How do I choose between a Photomicrosensors(photointerrupter) and a basic switch (the difference in usage)?
A basic switch is made of open and closed contacts whereas a Photomicrosensors(photointerrupter) is non-contact switching using an optical beam. A basic switch is available for AC and DC supplies.
Since a basic switch does not emit LED, it is ideally suited for applications that require low current consumption such as battery-powered equipment. A Photomicrosensors is superior in durability, sensing position accuracy and response speed.
The following table shows the difference between a Photomicrosensors and a basic switch. Please use this for your reference when choosing a product to match your application, but note that these differences do not necessarily apply to all the available product models. Be sure to check the specification datasheet for details of each product model.
A Photomicrosensors, with its non-contact switching technique, has the advantage of high reliability, eliminating the contact deterioration problem caused by wear and corrosion. For example, for a switch within machine internals that may remain closed for an extended period of time, the contacts may deteriorate from oxidation and sulfuration due to the surrounding atmosphere, ultimately affecting the switching performance. Using the Photomicrosensors for such applications is ideal without worrying about contact deterioration.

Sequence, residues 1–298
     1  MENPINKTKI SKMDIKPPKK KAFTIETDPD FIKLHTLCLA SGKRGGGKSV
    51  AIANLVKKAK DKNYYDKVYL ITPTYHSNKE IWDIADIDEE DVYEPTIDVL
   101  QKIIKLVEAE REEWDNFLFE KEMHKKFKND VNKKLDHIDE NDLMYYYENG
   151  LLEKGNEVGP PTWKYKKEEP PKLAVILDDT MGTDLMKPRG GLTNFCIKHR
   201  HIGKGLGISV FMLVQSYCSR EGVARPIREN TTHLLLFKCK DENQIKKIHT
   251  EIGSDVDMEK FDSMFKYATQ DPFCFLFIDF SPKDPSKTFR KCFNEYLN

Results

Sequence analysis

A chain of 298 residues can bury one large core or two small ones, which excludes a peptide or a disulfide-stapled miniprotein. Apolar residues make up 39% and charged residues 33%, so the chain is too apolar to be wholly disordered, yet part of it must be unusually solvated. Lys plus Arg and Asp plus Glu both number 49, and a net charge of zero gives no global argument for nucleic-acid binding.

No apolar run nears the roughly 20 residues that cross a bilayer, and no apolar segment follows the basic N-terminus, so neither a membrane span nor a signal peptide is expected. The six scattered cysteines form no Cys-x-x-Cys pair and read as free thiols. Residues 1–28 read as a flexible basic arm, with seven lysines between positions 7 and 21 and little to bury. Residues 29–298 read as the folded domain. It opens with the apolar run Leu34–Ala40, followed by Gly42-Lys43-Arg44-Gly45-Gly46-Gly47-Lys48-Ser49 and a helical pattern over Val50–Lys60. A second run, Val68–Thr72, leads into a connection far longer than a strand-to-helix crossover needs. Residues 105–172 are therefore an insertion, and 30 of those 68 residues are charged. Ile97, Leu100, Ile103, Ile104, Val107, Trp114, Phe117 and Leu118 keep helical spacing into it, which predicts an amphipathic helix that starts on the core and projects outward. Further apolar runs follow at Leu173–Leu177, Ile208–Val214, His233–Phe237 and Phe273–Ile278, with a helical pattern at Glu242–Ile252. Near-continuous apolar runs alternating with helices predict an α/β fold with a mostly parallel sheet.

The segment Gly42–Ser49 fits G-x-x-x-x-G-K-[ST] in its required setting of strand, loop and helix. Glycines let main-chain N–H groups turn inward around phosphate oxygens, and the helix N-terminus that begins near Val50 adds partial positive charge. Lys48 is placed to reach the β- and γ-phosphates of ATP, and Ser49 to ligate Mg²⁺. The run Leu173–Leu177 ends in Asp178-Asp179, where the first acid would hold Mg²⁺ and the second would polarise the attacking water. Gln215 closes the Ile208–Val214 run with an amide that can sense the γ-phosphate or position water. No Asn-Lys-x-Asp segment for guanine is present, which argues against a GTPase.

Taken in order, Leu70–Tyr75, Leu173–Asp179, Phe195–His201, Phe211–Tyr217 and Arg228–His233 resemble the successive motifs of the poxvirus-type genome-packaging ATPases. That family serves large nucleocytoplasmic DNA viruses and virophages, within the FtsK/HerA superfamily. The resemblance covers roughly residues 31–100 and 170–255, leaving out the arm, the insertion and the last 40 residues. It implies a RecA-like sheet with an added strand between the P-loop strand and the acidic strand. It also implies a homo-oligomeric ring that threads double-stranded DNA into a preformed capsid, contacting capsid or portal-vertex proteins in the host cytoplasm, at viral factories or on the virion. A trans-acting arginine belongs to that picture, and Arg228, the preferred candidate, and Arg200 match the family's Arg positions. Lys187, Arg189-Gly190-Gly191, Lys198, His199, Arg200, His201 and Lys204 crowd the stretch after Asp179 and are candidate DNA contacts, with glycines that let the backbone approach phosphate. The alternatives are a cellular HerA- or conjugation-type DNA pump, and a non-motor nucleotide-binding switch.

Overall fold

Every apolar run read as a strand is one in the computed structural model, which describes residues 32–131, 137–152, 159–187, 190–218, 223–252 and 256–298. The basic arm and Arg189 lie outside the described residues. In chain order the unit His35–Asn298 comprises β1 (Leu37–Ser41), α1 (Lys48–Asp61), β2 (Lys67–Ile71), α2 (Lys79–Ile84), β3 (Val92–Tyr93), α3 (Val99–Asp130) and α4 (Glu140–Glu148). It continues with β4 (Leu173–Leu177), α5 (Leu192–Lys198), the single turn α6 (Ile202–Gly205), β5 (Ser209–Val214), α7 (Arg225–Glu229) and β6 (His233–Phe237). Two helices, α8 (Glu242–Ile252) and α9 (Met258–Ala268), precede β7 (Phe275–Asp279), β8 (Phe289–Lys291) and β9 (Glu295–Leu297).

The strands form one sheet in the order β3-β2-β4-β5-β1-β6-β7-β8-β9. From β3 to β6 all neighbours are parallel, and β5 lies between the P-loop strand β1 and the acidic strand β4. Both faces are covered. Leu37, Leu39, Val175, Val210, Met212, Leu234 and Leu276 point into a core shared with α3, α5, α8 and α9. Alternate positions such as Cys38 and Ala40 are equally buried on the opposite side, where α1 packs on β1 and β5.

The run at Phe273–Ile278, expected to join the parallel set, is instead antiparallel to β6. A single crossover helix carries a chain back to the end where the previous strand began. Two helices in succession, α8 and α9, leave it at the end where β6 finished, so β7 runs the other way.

For applications in which a force is frequently applied to the switch (e.g. push-button switches for amusement equipment and hook switches for business telephones), it is effective to use the non-contact switching method by joining the Photomicrosensors and the operating unit together as shown in the below illustration. This way, if the operating unit is damaged, the user can repair or replace the operating unit without touching the electric circuit for easy maintenance. Furthermore, the combination allows an easy design layout with less consideration for switch strokes.
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Optical Sensors | Digi-Key Electronics
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